It was "Fort San Domingo" to the Spanish who built the first fort here in 1629.
"Hongmao Castle" to the Dutch in 1642 when they kicked the Spanish out and it was called after the red haired folk who lived there (Fort of the Red Heads).
"The Consulate" to the British, who leased it in 1867 and turned it into their compound.
And "historic site of the first grade" to the Taiwanese who repossessed it in 1980 and turned it into a tourist attraction.
It's a fort, so it needs cannons, but I wonder if these ones were ever used from here, or just put there to look impervious.
This one says, "The cannon is cast by the order of the emperor in Chiaching 18th year of the Qing Dynasty, weighing 800 catties."
I wondered what a catty is...probably not a fat cat...
Nope. I looked it up.
A catty is a traditional Chinese unit of mass equivalent to about 600 grams. So the cannon would only weigh about 96 cats, if I've done my math right.
...if we were weighing in cats, that is...
The British made all sorts of renovations. The guide pamphlet listed some of them as the "elegant features".
One was these green, glazed bottle railings. They are pretty, it's true.
Another was the brick carving. Come to think of it, I've never seen brick carved before. Cool.
So go to the fort. Look around. Learn some stuff.
But forget about measuring in units of cat, people don't really do that.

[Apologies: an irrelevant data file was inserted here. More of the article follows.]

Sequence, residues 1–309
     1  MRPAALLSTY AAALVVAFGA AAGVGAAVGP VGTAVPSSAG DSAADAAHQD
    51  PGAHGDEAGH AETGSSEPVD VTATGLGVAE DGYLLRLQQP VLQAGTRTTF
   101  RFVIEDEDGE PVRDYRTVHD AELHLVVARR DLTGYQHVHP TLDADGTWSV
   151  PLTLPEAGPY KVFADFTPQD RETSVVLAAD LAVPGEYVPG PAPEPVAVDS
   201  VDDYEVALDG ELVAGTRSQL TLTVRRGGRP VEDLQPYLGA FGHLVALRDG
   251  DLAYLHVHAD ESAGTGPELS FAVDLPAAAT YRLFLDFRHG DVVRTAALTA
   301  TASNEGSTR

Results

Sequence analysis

When I found them among the street foods of Taiwan, they were like something from my imagination come to life.
That's because they were immediately recognizable to me as the treat the Chinese boy in one of my favorite books could not resist.
I read the books about Little Pear at least half a dozen times as a child, and another two or three dozen times to all the many children I've read stories to over the years.
Everybody loves Little Pear.
And Little Pear loves his tanghulu.
Another person who wears the hat is this guy:
Thakur Sain Negi.
I found him presiding over the village center traffic circle and bus stop.
He wasn't getting a lot of attention there.
It seems he doesn't get a lot of attention anywhere.
The only information I can find is that he was a translator and scholar of Tibetan Buddhist texts. But what his connection to the village is, I do not know.
I could read the Hindi...but I am feeling lazy. Any one else wanna translate it for me so I can figure out why he's standing in the village wearing the hat?
July 26 UPDATE:
Help with reading the Hindi has revealed that he was born in one of the villages in the Kinnaur region. Thus they claim him as one of their own.
There's a road up into the mountains where my friends live that takes eight to ten hours to drive.
It's a beautiful view along the way: mountains, valleys, rivers, waterfalls.
Before I left to start on the journey to her home, my friend described the road like this: "First, there are 3 to 4 hours of winding, mountain roads. Then there are 3 to 4 hours of nice, smooth roads. Then there are 2 to 3 hours of terror."
Okay, I thought as we drove along, winding roads--check. Not too bad. No car sickness.
Smooth roads--check. Not bad, either.
Terror? She must be exaggerating to over-prepare me, right? This isn't so bad.
Well, then I saw what she was talking about.
Construction along the road doesn't stop the traffic from going through--the mountain road is the only way through, so through we must go.
Some day maybe the construction will all be finished.
And it's a beautiful drive if you ever have opportunity to travel it.